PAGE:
He didn’t have to wait long. Carbon popped in and hit the inner door lock, at first glance wearing an encounter suit like she had when they’d first started working on board. Alex realized quickly that it wasn’t the same at all.

Carbon’s antenna were slicked back into interface sockets and the base layer was similar - a black, form fitting body suit, though this appeared to be a thicker material. The thin, flexible armor was replaced by heavier rigid armor that covered nearly her entire body. The breastplate was ornately carved, the design flowing onto her shoulders and repeated over her hips.

It looked like combat armor, really. The gentle bulges above each major joint indicated a strength booster. Layers of shield emitters pulsed gently around the armor, providing further protection, the innermost was airtight and covering just her head in lieu of a helmet.

The pistol and swords at her hip were really what sealed it. There were ways to render every sort of man-portable weapon useless, from plasma burners to good old fashioned bullets. A good quality sword or axe would ruin just about anyone’s day and there wasn’t much they could do to stop it, short of adding more armor. There was also a bit of an intimidation factor.

Alex was most surprised at how feminine a shape she managed to retain. The comm light went yellow and green a moment later as the connection formed. At this range, the audio was crystal clear. “Where did you get that?”

“It was a gift.” Like that was supposed to sufficiently explain everything. She looked him over and shuddered when her gaze lingered on his helmet. “I do not understand your willingness to put your head in a container.”

“Yeah, well. My going away gift was a box of plastic bricks. You’re on point.”

She shrugged past him and keyed the outer door. It opened almost immediately, the walkway a short jump down. Carbon went out, Alex following a moment later. The dome felt larger and even more empty in person.

The ground was light gray, edged with a dull gold color, every surface Alex could see textured with whorls and vortices. They walked to the building in silence, Carbon covering the building with what seemed like a ridiculously small pistol. Apprehension and curiosity built in Alex with each step. She stopped at the edge of the arch and waved at him to fall in behind her. The arch was easily twice her height and several times wider than that. She took cover and leaned in for a quick look.

Carbon moved across the open space, torso rotating to scan the interior as she went. She holstered the gun after reaching the far side of the arch. “Clear.”

They stepped into the building, Alex’s eyes adjusted to the dark interior and quickly found the source of the glow. A second, smaller arch was lit up like day. The scene on the other side was obscured by what appeared to be frosted glass, but it looked like tall green grass and blue sky lay just beyond.

Alex walked up to the arch touched the frosted surface, slick beneath his gloves before Carbon pulled his arm back with a very negative sound. A series of glyphs pulsed to life around the edges, four matching symbols on each side and a strange pattern of hashmarks below them, one set blue and the other red. They all dimmed with the exception of a single blue glyph. It was bright, sharp and felt violent.

“Hey, let me see one of those swords?”

Carbon had reached the same conclusion, the shorter of the two halfway out of its scabbard by the time he’d finished asking. The moment the handle rested in his glove, the same sharp glyph lit up on the red side. When he handed it back, it went away.

“No weapons?”

“That is what I’m thinking. This looks like the first... er, portal we went through. The way it’s frosted over.”

“The Kshlavo has no weapons.”

“But one of us does.”

Carbon’s curiosity was piqued by this. She unclipped the swords and pistol, laying them on the ground at her feet. The glyph faded from ‘her’ side and the frost melted, leaving the archway clear.

The other side may well have been a park. Long grass waved in the bright noonday sun below a cloudless pale blue sky. Alex reached out and his fingers passed through where the frost used to be. He looked over his shoulder at Carbon with a grin. “What do you think? Should we give it a try?”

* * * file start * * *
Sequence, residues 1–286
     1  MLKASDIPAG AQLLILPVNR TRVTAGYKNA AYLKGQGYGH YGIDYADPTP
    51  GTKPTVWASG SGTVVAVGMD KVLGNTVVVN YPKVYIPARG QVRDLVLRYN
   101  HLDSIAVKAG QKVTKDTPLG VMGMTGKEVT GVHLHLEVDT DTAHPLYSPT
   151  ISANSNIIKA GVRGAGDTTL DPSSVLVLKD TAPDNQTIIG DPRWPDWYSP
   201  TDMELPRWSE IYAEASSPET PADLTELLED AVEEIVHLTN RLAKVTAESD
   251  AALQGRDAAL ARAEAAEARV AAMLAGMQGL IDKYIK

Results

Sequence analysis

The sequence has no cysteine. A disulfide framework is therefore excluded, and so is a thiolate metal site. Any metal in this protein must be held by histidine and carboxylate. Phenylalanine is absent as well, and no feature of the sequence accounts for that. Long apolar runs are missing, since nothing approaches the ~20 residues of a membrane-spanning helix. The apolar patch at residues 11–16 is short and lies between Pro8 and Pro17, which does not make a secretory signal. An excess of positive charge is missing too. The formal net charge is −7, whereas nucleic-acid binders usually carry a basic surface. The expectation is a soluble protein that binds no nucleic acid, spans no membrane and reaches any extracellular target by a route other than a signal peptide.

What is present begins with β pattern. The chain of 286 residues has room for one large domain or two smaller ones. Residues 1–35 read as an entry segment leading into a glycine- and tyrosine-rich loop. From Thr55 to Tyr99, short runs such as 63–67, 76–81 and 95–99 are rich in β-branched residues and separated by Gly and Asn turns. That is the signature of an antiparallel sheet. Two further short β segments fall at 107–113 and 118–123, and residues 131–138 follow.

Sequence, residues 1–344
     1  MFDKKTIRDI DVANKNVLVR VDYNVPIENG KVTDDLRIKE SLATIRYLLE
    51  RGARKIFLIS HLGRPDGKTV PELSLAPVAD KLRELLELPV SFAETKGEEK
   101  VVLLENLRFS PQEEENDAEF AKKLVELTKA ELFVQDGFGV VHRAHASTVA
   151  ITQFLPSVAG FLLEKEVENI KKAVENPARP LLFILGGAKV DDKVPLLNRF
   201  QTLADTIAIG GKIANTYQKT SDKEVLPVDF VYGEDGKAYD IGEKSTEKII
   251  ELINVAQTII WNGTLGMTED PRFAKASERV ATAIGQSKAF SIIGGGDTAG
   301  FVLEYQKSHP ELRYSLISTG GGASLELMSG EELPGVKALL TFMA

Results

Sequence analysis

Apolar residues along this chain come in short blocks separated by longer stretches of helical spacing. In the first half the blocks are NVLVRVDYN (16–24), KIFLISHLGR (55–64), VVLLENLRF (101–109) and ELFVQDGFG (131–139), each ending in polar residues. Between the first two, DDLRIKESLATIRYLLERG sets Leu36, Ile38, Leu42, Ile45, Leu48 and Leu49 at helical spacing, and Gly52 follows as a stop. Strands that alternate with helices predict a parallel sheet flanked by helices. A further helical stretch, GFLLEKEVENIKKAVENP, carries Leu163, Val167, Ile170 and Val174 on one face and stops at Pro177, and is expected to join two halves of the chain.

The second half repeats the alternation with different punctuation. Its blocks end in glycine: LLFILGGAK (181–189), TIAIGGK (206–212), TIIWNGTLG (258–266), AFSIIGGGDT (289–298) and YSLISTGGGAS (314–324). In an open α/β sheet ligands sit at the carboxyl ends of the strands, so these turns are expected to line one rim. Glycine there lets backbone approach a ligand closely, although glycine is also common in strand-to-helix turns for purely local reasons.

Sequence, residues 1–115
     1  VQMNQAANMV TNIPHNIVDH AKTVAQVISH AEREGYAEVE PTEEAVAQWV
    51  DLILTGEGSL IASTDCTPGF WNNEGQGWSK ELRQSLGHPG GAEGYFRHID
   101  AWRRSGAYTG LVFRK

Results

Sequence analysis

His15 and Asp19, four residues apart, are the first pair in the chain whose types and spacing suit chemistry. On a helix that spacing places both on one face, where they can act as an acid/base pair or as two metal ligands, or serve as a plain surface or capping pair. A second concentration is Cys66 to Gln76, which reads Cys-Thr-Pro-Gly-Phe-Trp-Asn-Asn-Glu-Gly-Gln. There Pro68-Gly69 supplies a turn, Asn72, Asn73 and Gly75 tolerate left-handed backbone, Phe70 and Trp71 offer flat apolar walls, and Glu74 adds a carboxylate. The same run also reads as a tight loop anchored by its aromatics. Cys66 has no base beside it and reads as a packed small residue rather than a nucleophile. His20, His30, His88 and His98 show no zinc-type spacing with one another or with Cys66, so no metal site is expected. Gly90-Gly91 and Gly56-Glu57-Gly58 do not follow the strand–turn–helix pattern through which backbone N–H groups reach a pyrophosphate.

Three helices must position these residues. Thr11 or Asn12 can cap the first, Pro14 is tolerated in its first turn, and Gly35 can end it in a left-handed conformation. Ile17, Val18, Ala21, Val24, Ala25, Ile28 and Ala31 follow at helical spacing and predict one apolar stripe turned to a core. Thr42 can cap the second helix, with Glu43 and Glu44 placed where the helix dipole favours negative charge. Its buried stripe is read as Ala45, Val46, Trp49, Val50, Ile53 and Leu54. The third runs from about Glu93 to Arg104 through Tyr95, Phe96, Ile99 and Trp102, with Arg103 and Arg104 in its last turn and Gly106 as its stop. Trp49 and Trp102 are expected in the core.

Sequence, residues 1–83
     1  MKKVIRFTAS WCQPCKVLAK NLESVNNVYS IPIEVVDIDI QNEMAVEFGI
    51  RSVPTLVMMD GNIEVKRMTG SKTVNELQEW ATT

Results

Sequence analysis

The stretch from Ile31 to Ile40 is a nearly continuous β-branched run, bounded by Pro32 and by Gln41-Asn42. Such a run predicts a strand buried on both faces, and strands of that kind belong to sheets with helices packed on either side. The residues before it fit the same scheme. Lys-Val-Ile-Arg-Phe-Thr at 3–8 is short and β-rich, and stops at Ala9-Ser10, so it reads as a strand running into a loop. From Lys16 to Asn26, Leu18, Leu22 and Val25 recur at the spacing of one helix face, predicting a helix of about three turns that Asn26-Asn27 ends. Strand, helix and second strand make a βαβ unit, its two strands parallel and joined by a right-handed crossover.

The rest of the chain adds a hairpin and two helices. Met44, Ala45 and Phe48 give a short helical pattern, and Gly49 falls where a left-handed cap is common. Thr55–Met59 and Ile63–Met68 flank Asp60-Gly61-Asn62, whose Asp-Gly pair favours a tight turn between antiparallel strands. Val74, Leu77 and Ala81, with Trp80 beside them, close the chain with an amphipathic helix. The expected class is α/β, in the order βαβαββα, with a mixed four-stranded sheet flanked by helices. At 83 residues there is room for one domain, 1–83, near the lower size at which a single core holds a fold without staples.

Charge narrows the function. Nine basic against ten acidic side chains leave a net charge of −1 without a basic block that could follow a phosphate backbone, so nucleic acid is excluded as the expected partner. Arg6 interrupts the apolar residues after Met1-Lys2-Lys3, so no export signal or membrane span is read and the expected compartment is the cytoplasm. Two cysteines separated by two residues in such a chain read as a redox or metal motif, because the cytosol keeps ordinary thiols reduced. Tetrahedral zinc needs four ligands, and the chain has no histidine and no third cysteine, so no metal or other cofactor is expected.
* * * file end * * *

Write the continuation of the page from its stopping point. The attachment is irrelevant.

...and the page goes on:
1. For some reason this chapter made me think of the space jockey ship in the first Alien movie. When it was just a matte painting before they got inside and it was more beautiful than ominous.

    Almost as an afterthought, Alex braced himself against his chair as best he could. You could probably cut this, the description of him bracing himself is very clear and the lack of any danger is funny without explanation.

    Carbon didn’t seem to be inclined to let go of him just yet and as it turns out, she was really damn strong. Tense shift, turns should be turned.

    I have to head out, so more comments later. Can't wait to see what's in the tall grass.

  2. Unlike the little dot that represented it on the scope - the same size as the little dot that represented their ship - the ring was a kilometer across. This could be cut to, 'The ring was a kilometer across.' Mentioning the scope had me trying to figure out the significance of visualizing the two objects as dots instead of focusing on Alex's overreaction.

    This whole paragraph is great, but I love the detail in this line: With her cheek even more firmly pressed to his head, all he could see was the dark tip of her nose, so close that it wouldn’t come in to focus.

    The ship was inside and preparing to land. This really confused me, given that the ring is only supposed to be 3 meters deep. How are they inside it if they only passed through the empty center?

    Its armor was specced high enough to safely support the ship, but this did not make the situation feel any better. I like that the ship isn't designed to land. 'The situation' is a little vague, maybe something like, 'but this didn't make him feel any better about an unknown force landing the ship'.

    Shoulda been more sparkles, I think. Ha!

    Given our lack of options and the possibility of intent in the atmosphere, I feel that I must. Carbon is giving in pretty easily. They have been, in essence, captured by an unknown entity/ring. I was expecting more caution from both of them.

    About Caron's outfit... two questions. Swords (as in why)? Also, no respirator/breathing apparatus (do they really trust the conditions outside)?

    “I do not understand your willingness to put your head in a container.” This struck me as very funny, not sure why.

    Back to Carbon's weapons. Does she have one drawn as they approach the structure? I would imagine she does if she's on point, but isn't described as holding either the pistol or a sword.

    Very interesting! I'm off to read the next one.

  3. Whew. Updated.

    All the stuff: fixed. I hope. Carbon is much more recalcitrant now and hopefully her armor/weapons are more sensical. Loads of other little fixes and adjustments, too.

    For some reason this chapter made me think of the space jockey ship in the first Alien movie. Most flattering comparison, ever. Thank you!